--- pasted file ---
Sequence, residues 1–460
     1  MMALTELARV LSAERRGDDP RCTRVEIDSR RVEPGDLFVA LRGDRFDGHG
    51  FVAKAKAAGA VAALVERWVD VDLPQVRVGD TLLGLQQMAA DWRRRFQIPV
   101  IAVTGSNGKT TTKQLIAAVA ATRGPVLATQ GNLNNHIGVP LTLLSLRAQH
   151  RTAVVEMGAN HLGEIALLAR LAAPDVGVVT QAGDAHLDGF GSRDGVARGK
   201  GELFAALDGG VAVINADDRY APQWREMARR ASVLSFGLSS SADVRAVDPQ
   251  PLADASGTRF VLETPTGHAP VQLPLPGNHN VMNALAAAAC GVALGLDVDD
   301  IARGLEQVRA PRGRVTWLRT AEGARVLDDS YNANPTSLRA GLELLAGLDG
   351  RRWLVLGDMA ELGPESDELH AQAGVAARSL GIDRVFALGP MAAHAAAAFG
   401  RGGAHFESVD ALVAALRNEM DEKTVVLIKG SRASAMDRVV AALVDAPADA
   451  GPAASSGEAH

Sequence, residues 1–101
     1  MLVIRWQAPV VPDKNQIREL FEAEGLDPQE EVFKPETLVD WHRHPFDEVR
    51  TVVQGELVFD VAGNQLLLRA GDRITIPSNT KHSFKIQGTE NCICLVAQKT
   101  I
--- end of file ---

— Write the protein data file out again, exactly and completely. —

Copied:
Sequence, residues 1–460
     1  MMALTELARV LSAERRGDDP RCTRVEIDSR RVEPGDLFVA LRGDRFDGHG
    51  FVAKAKAAGA VAALVERWVD VDLPQVRVGD TLLGLQQMAA DWRRRFQIPV
   101  IAVTGSNGKT TTKQLIAAVA ATRGPVLATQ GNLNNHIGVP LTLLSLRAQH
   151  RTAVVEMGAN HLGEIALLAR LAAPDVGVVT QAGDAHLDGF GSRDGVARGK
   201  GELFAALDGG VAVINADDRY APQWREMARR ASVLSFGLSS SADVRAVDPQ
   251  PLADASGTRF VLETPTGHAP VQLPLPGNHN VMNALAAAAC GVALGLDVDD
   301  IARGLEQVRA PRGRVTWLRT AEGARVLDDS YNANPTSLRA GLELLAGLDG
   351  RRWLVLGDMA ELGPESDELH AQAGVAARSL GIDRVFALGP MAAHAAAAFG
   401  RGGAHFESVD ALVAALRNEM DEKTVVLIKG SRASAMDRVV AALVDAPADA
   451  GPAASSGEAH

Sequence, residues 1–101
     1  MLVIRWQAPV VPDKNQIREL FEAEGLDPQE EVFKPETLVD WHRHPFDEVR
    51  TVVQGELVFD VAGNQLLLRA GDRITIPSNT KHSFKIQGTE NCICLVAQKT
   101  I